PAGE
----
The first of 12 farms across New Zealand to take part in an 18-month project, to understand how changes on-farm to reduce greenhouse gas emissions may impact a farm’s profitability and productivity, has released its results.
And DairyNZ chief executive Tim Mackle says one clear message from the work is every farm is different “and there isn’t a ‘one-size-fits-all’ package of changes that every farmer can use”.
“But they can learn from these case studies to compare against their own farm and see what might be possible,” says Tim.
“The other clear message is to measure, or estimate, biological greenhouse gas emissions – to know your numbers – as that is the first step to knowing how to manage them.”
New Zealand’s ruminant animals’ methane emissions make a substantial contribution to total NZ greenhouse gases emissions and the global warming that our emissions have contributed to so far, according to DairyNZ.
Most methane is emitted when cattle burp. Nitrous Oxide (N2O) is emitted from soil when urine, faeces and fertilisers are broken down by microbes in the soil.
Tim says the Partnership Farm Project’s aim was to model and apply practical measures to see how to adapt NZ’s highly efficient pastoral farm systems to meet the country’s climate change goals.
“The outcome of this project is important to helping us understand the impact of making improvements or changes to how a farm operates in order to reduce emissions and nitrogen leaching.”
The project farms model 44 different farm systems. The Owl demonstration farm in Cambridge released its results in late-March – the first farm to do so.
Tim says farmers who took part in this project are now looking closely at the changes that have been recommended to them to decide whether they implement these on-farm.
On Owl farm, one change involved reducing feed use and lowering the stocking rate. This is expected to result in a 21 per cent increase in profitability, a 14 per cent reduction in nitrogen leaching and 13 per cent reduction in GHG emissions.
Mitigations modelled on the partnership farms fell into three categories: farm management changes, infrastructure investment, and retiring or planting land. When selecting a package of mitigations suitable for each farm, options from all three may be chosen together.
“The results of this project, and the huge amount of data we are still compiling, reinforce the complexity of the challenge we face as a sector,” says Tim. “Mitigation options vary depending on the farm system and the region. To see nationwide reductions in GHG emissions we need a specifically designed package of changes for each farm.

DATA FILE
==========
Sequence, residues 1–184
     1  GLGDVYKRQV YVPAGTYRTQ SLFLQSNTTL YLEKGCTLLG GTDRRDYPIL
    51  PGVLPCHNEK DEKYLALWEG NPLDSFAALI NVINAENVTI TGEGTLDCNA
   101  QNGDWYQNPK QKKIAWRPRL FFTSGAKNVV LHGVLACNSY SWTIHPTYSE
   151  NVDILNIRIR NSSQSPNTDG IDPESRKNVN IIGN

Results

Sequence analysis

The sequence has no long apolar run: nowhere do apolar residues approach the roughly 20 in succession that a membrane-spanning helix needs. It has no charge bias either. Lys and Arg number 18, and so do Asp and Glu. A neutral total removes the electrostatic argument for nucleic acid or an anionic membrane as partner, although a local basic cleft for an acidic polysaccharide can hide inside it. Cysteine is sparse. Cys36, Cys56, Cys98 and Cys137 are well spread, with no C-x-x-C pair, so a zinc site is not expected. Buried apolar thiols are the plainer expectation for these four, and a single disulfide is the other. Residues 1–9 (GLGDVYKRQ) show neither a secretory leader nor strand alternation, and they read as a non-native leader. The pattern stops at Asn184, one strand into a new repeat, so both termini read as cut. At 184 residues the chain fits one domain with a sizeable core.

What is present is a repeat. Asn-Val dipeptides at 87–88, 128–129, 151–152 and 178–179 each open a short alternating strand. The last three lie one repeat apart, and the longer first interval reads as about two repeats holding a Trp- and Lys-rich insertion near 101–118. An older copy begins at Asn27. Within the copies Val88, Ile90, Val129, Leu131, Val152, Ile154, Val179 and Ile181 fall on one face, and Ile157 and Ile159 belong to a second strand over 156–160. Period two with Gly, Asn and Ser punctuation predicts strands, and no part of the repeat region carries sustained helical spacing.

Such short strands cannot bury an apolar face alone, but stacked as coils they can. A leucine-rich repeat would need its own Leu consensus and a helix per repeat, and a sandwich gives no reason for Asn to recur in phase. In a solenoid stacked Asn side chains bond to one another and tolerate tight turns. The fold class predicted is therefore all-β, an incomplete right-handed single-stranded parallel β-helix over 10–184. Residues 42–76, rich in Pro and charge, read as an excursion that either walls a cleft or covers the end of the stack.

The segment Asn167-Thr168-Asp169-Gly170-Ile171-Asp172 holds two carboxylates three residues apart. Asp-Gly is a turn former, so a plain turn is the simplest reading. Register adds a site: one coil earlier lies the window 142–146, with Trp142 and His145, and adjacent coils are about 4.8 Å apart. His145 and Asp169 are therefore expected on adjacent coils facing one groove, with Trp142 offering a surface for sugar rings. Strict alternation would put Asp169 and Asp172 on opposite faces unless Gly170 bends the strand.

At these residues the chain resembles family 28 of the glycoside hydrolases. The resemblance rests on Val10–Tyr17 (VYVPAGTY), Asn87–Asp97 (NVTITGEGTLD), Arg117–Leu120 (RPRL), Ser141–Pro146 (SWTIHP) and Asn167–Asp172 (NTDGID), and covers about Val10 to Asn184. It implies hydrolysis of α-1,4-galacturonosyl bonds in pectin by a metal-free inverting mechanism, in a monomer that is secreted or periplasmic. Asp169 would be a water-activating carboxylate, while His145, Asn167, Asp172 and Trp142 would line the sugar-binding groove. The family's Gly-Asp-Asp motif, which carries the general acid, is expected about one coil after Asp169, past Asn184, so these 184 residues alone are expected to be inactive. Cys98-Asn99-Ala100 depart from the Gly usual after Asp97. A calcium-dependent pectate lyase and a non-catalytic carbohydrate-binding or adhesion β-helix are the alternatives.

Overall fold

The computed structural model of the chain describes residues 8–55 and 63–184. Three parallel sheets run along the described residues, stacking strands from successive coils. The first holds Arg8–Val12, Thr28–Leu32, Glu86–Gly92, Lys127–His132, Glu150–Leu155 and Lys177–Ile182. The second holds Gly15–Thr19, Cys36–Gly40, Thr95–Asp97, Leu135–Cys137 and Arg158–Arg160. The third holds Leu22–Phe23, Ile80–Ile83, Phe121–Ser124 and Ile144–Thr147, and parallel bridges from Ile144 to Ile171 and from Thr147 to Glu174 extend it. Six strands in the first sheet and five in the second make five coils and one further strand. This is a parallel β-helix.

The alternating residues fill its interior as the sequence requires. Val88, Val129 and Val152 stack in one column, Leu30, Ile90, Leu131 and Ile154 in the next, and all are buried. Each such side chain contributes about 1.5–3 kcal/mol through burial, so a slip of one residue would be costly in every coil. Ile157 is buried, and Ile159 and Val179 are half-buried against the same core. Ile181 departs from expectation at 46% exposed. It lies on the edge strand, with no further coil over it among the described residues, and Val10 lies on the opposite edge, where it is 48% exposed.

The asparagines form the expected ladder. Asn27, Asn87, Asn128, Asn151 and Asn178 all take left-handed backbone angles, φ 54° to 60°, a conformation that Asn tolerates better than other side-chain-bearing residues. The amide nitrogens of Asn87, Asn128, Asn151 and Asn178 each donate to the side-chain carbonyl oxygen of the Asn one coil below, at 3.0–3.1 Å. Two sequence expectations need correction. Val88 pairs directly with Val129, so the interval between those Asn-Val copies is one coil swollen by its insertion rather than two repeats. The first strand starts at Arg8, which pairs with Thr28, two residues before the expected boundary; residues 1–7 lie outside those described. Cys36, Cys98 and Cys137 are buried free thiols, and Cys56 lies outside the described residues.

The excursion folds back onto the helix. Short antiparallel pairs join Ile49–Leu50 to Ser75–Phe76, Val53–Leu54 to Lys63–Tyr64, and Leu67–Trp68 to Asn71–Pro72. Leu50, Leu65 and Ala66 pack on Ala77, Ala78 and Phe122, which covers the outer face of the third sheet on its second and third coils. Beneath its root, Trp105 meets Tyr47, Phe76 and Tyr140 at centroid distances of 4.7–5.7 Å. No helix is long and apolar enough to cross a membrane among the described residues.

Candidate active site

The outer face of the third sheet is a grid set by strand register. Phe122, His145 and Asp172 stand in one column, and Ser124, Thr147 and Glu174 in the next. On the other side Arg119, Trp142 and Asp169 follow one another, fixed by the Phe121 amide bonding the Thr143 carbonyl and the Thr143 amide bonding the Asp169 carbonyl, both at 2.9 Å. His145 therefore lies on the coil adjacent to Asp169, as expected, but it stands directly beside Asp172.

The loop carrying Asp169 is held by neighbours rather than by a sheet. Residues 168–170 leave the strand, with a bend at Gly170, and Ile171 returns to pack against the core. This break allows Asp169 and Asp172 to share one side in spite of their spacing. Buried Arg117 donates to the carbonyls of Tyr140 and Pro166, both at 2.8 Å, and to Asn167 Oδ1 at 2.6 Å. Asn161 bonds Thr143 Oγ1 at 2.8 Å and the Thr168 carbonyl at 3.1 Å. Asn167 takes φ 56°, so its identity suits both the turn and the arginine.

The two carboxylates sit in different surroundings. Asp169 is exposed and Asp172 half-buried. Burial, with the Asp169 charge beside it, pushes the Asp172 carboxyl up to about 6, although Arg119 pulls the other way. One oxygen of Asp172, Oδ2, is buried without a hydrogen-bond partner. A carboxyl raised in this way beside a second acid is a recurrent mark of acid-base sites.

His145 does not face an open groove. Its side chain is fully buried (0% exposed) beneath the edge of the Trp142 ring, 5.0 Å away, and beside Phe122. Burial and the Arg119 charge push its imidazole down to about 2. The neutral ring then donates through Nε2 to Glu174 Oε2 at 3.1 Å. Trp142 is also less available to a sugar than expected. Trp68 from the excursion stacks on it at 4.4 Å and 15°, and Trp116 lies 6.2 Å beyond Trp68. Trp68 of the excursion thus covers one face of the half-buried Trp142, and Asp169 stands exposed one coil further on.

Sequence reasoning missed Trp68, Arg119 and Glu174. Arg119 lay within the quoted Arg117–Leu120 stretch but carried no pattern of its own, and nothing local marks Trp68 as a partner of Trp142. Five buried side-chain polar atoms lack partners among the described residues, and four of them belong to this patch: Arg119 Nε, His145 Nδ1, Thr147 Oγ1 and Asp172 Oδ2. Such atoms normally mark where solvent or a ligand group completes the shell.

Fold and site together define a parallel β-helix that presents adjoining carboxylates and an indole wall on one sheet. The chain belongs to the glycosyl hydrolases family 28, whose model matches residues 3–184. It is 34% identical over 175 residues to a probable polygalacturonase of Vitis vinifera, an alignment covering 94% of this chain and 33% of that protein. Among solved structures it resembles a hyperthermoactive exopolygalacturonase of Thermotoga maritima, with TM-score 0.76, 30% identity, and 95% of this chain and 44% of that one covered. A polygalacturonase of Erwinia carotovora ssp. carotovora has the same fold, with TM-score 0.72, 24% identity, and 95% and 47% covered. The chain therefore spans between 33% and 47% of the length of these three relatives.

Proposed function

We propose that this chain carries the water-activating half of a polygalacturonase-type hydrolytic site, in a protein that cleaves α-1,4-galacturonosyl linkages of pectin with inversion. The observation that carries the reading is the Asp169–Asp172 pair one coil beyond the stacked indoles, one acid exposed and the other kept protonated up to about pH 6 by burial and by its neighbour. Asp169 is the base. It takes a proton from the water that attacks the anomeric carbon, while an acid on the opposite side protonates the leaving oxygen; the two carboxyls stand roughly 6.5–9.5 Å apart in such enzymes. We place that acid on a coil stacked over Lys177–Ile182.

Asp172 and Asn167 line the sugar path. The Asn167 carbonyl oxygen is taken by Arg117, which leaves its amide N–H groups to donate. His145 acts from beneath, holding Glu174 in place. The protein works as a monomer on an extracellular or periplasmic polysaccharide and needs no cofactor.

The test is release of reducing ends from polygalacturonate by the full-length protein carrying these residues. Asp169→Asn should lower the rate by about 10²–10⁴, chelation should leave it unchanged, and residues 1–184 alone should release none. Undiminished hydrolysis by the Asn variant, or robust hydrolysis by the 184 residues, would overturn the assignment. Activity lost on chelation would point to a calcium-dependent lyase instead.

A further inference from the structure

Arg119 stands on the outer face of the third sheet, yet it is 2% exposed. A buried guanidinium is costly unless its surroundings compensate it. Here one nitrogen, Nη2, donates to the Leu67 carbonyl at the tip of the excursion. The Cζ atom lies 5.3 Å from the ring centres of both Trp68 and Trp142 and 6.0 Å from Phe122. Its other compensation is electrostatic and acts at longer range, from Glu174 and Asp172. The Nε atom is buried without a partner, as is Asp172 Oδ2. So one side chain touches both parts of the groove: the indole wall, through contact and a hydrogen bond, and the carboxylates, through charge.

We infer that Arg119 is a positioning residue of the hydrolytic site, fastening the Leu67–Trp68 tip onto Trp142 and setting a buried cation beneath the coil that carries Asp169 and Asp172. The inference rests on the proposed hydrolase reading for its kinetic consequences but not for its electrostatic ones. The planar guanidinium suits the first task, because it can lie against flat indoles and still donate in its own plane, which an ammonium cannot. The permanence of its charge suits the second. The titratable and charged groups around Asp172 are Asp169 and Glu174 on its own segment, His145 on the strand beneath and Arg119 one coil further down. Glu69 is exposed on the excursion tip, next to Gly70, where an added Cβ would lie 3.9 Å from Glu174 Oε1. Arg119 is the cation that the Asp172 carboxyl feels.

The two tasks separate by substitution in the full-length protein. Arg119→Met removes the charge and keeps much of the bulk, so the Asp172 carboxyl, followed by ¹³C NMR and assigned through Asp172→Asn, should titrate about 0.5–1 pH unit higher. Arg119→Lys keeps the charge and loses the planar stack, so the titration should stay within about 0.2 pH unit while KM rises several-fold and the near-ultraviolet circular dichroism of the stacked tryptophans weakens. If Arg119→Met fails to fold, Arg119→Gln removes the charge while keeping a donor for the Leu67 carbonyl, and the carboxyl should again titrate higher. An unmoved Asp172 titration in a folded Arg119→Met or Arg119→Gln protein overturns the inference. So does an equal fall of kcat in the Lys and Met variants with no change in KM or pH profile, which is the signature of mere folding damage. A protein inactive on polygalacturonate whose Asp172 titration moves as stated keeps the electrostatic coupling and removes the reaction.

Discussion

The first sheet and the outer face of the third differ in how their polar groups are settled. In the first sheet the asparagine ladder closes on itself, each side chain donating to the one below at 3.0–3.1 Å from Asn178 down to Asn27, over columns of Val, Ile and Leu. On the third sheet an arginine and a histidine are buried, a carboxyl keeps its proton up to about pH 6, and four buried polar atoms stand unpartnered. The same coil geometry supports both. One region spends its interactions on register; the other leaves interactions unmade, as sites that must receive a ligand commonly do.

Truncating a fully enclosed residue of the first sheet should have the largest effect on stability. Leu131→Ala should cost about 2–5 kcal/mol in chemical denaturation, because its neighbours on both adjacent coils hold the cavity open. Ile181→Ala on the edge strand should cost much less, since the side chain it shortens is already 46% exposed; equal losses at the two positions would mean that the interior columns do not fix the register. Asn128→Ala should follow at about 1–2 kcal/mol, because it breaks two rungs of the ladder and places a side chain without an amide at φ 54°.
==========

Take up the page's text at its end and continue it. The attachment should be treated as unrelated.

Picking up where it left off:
“This is why DairyNZ is supportive of customised Farm Environment Plans, which recognise the differences between each farm and factor in a holistic systems approach to recognise efforts across GHGs, water quality, biodiversity, and financial sustainability.”
Tim says it will be critical the Government supports adequate training and capability of rural professionals as part of a low emissions transition plan.
“Expert advice must be available to help farmers understand what improvements or changes they could make to the way they run their farms that will make the biggest difference to their total emissions. It will take years to build up to that level of capacity.
“We’re also hopeful that as the use of Overseer spreads, more farmers will be increasingly aware of their current emission levels, which can provide useful benchmarks for improvements.
“What this work in the partnership project highlights is largescale reductions will rely on the development of a new workable technological solution well in advance of 2050.
“We’re aiming for a slow-release inhibitor compatible with the NZ farming system to be developed by 2050, and this could achieve a 30 per cent reduction in methane. We must continue our investment in research and development to pursue that option or our ability to cut emissions will be limited.
“Leading efforts for our sector to reduce our greenhouse gases is part of our Dairy Tomorrow sector strategy. Above all, Dairy Tomorrow takes a holistic approach which means managing GHG emissions is part of a broader set of challenges including water quality, people, animal care, and critically, ensuring we have profitability and resilient farming systems that underpin our ability to resolve these challenges.”